- Brand Name: TCL
- Item Weight: 75.4 pounds
- Product Dimensions: 56.9 x 13.7 x 35.7 inches
- Item model number: 65R635
- Special Features: THX Certified Game Mode; Auto Game Mode; Easy Voice Control works with Alexa and Google Assistant, Wide Color Powered by QLED Technology; Contrast Control Zone Technology; AiPQ Engine with Smart HDR, Smart 4K Upscaling, and Smart Contrast
TCL's 6-Series combines stunning 4K HDR and mini-LED technology in a bold, brushed metal design for a superior TV experience. Quantum Dot technology and the HDR Pro Pack with Dolby Vision combine for greater...
I purchased a Sony X900H 55", an LG OLED CX 55", and the TCL 55R635. I played multiple games and watched 4k HDR content on all of them. Dollar for dollar this unit cannot be beat. The only issue is viewing angles, which I explain at the end.The LG OLED CX 55" has the best picture quality hands down, but it is also $1000 more expensive, the HDR brightness isn't nearly as bright, and if you play PC games for hours upon hours like I do, the threat of burn-in is legitimate. It also cannot do 4k at 120 fps and HDR at the same time. I would rather have 2560x1440 with HDR than 4k at 120 without it. If you are a casual gamer and watch varied content, then OLED would be the way to go, that is if you want to burn an additional $1000.The Sony X900F has HDMI 2.1, however it does not yet support 4k at 120hz. Apparently this will be enabled down the road via a firmware patch. For me this is dead on arrival. I am not buying future capabilities in a TV I own now.The TCL has excellent picture quality and the THX Certified Gaming Mode works very well with my PC. My rig can play games like Doom and Destiny 2 at 4k at 120 fps and it is butter smooth. Even games like Grim Dawn benefit. Running anything at 120 fps is amazing. This is the future of gaming.4k HDR content like Planet Earth II look gorgeous at this price point. I am shocked that this picture quality can be achieved at this price. Again, you aren't going to achieve those inky blacks that OLED gives you, but the difference isn't that great between the two.The only major downside to this TV is the viewing angles. As soon as you begin to move off-axis, to the left or right of the screen, the color begins to drop off almost immediately. It isn't necessarily a deal-breaker, but you should be mindful if you are going to have this in a living room with seating far to the left or right of the screen.
I plan on playing games on this tv 98% of the time. And from what ive seen. Its one of, if not the BEST in its price range.And before you give a low star review because it doesnt have HDMI 2.1, picture this. No more than a HANDFUL of PS5 or Series X will run games Native 4K 120hz. And these arent AAA games. They are 2D sidescrollers or select racing titlesThis Tv supports 1440p 120hz. Which is all you can really expect out of the next gen consoles. 1080p 120hz is even pushing it. But do not go into this think 120hz console gaming is the future. ITS NOT. We barely have 60hz gaming. And i hope this gen normalizes 60hz. So that next gen (PS6) we could get 4K 120hz gaming. So in 2027, you can be upset that a budget tv doesnt come with HDMI 2.1, but in 2020, for this price, the current console technology, and the quality of the TV. There really is no issue here...if you plan on doing anything besides gaming. Maybe 2.1 is more important for you, and you should look at other options at of course, a higher price range.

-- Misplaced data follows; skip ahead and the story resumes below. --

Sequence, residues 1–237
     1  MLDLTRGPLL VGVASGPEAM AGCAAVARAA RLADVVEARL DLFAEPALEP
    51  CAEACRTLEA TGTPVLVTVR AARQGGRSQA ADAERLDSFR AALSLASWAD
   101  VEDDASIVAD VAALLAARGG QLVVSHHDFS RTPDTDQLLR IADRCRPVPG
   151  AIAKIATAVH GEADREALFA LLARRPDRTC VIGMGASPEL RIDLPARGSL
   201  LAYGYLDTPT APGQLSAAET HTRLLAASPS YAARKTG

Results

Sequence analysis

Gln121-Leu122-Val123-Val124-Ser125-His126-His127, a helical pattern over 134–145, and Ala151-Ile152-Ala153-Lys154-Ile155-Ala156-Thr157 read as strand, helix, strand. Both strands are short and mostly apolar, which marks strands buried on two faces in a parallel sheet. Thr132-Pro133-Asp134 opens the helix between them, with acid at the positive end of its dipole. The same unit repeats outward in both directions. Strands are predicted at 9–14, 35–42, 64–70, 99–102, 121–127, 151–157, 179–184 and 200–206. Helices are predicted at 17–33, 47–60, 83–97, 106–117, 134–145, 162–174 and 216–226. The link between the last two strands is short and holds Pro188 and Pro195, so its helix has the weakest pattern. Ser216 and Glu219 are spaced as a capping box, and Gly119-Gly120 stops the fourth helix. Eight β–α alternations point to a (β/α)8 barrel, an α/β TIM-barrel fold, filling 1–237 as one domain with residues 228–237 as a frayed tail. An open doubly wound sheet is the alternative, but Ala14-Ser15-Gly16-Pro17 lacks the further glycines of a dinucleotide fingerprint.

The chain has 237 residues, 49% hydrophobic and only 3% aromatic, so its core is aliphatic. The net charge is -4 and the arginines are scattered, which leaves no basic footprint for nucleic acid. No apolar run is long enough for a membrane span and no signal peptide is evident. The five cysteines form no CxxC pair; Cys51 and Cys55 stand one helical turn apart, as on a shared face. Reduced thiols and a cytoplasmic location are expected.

Not sure what I expected here. I've been really hyped up on the whole mini led train. Some overly gray bleeding in the top corners is highly distracting and disheartening. Apparently the panel problems of TCL lives on even with minileds. I'm pretty disappointed on this tv based on that alone.It took me a while to dial in the settings. Dolby vision content resets and further tweaks it's settings even after you originally tweak each source. The color is great. I don't see any banding in gray to black transitions. Banding in general seems really non-existent. That's good. Seems to get plenty bright for my dark rooms standpoint. I don't think it's quite as bright as some others in this price range. Hisense H9 for instance. The local dimming works mediocre. It was a mess when I watched the very dark opening sequence of Thor in dolby vision. That was with the local dimming set on high. I moved it to medium and it seems to be the best way to use it.Roku is a pretty smooth design. I've never used it before but I can see why the fanfare exists.Overall it's a decent tv if you win the panel lottery. I don't think it's the game changer I expected it to be at all. VRR promises good gaming performance for the future though no 4k 120mhz supported.I am currently exchanging it to try to get nondefective panel. IF you win TCLs panel lottery you will like the TV. If you don't like me, you'll regret waisting your time.Note: the picture of the light bleed in the corner is over saturated by my phone. It's not THAT bad but it's noticable in darker scenes.Update: 8/19 The replacement set is okay. I'm noticing the biggest issues with blooming tend to occur with the 4k Firestick which utilizes dolby vision by default. Perhaps they generates more data that the tv can sometimes have difficulty deciding with it's lighting algorithm. Not sure. Overall it's pretty good. Not stellar but good.